At TRIUMF’s annual Science Week in July 2022, the laboratory’s Communications team joined forces with event organizers and students to challenge the traditional and reimagine one of the most persistent archetypes in science education: the science poster.
(Image: TITAN Penning Trap, Marilena Lykiardopoulou Stefan Paul and Alexander Ridley)
TRIUMF’s Science Week ’22 provided the working group (Monika Stachura, Oliver Stelzer-Chilton, and Jesse Abney) with an ideal venue to pilot a novel and innovative student poster session experience that leaned into the lab's long-view strategies with near-term benefits.
We imagined a cloud-connected Virtual Reality (VR) poster session that allowed anyone anywhere to participate as a presenter or an observer - the requirements were a suitably powerful workstation, VR headset, and the ability to connect to an established presentation server using a collaborative VR platform. While passive participation may have been arranged with large displays in a single location, this dream was global, allowing students anywhere the opportunity to participate. Similar scenarios have become de rigueur for automotive and industrial design in the remote work era. Dan Rowbotham and Nemanja Jovicic in the TRIUMF Design Office provided invaluable due diligence and support in evaluating head-mounted VR displays for this purpose, as well as demonstrating application for the future of their engineering design work.
(Image: Dan Rowbotham, TRIUMF Design Office, views ARIEL engineering design in VR)
To scale the idea, we began to tap TRIUMF’s partner network, identifying local hubs and nodes capable of supporting student presenters with sufficient computing power and VR support. This sharp technical and administrative learning curve also presented a considerable barrier to entry for student presenters who’d need a greater knowledge of modeling and rendering tools and techniques to stand up their presentations. The scale and constraints of the virtual event quickly became counterintuitive to the original Science Week goals to Connect, Collaborate, and Celebrate. To support the interest for social connection, as is the tradition for these sessions, it was clear that we had to reassess. Another challenge that event design had to overcome was the production and presentation method had to strike a balance between advancing the idea and maintaining an accessible event. It had to account for all skill levels, and, given the student’s academic and work schedules, a relatively manageable amount of effort.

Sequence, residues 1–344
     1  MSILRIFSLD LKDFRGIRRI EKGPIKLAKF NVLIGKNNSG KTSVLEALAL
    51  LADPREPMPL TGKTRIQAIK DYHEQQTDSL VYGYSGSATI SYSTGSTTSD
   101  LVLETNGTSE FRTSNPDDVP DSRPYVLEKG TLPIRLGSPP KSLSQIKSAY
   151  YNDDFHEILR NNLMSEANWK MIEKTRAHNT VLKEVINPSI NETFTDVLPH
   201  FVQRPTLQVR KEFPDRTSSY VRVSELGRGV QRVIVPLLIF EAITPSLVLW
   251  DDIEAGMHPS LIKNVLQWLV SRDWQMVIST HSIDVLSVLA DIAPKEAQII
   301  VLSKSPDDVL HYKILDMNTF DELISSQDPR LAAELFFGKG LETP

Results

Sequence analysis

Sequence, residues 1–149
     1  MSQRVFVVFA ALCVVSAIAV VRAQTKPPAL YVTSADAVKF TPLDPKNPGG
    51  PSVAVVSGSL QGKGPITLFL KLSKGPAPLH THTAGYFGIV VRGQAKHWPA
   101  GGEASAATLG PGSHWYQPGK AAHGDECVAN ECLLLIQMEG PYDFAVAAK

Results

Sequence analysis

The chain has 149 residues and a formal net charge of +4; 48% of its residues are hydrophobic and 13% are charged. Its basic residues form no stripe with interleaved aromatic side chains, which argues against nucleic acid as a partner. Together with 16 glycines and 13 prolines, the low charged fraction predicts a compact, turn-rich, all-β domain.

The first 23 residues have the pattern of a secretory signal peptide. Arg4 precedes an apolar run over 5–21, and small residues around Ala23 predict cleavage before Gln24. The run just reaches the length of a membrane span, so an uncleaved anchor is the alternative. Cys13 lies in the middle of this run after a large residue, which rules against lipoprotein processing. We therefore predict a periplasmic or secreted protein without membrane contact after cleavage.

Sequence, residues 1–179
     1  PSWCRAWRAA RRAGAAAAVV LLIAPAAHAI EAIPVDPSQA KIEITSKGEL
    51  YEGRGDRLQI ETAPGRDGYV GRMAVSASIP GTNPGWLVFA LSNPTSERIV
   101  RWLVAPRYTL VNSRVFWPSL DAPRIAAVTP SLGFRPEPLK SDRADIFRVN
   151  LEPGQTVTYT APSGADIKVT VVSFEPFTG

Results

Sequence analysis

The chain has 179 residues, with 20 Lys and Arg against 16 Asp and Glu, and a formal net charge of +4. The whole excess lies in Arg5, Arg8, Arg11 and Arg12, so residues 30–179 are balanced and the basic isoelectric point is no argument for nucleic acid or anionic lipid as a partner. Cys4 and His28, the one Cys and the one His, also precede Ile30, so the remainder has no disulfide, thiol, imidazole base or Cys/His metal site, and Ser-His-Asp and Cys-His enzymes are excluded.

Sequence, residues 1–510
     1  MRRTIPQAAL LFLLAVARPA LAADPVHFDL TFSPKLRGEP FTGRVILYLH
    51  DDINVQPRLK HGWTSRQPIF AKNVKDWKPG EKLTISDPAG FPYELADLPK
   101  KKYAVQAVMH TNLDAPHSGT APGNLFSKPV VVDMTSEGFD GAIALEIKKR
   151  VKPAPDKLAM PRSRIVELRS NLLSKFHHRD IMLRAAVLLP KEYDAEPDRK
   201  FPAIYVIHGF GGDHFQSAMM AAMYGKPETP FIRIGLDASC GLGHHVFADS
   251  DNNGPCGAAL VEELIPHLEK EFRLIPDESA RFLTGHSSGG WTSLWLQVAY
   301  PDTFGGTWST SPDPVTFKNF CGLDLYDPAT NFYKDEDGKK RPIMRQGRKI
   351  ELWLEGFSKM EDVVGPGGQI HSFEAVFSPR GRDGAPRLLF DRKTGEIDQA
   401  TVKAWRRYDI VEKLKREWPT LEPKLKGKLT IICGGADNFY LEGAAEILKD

The team decided to plot one small step first – an incremental innovation– and pivoted focus towards an Augmented Reality (AR) student poster session instead. AR acts as a supplement to the existing poster, expanding on the printed paradigm with no requirement for attendees to engage in the technology. This lower barrier to entry helped ensure the 20+ undergraduate and graduate students and postdoctoral fellows remained engaged and motivated to learn new methods for communicating their research results and theses.
To establish which tools, technology, and approaches would be used to guide the students, Abney developed an AR prototype to highlight TRIUMF's contributions to and role in the international ATLAS collaboration blending 2D infographics with existing 3D models made available by CERN. This proof of concept presented how both mediums supported various AR interactions. Students could then decide how to leverage existing design assets to develop new ways of communicating their science.
With a robust example and documented workflow, the first cohort of pioneering students embarked on a 5-week sprint to ideate, implement, and augment their scientific concept for the first-time using AR technology.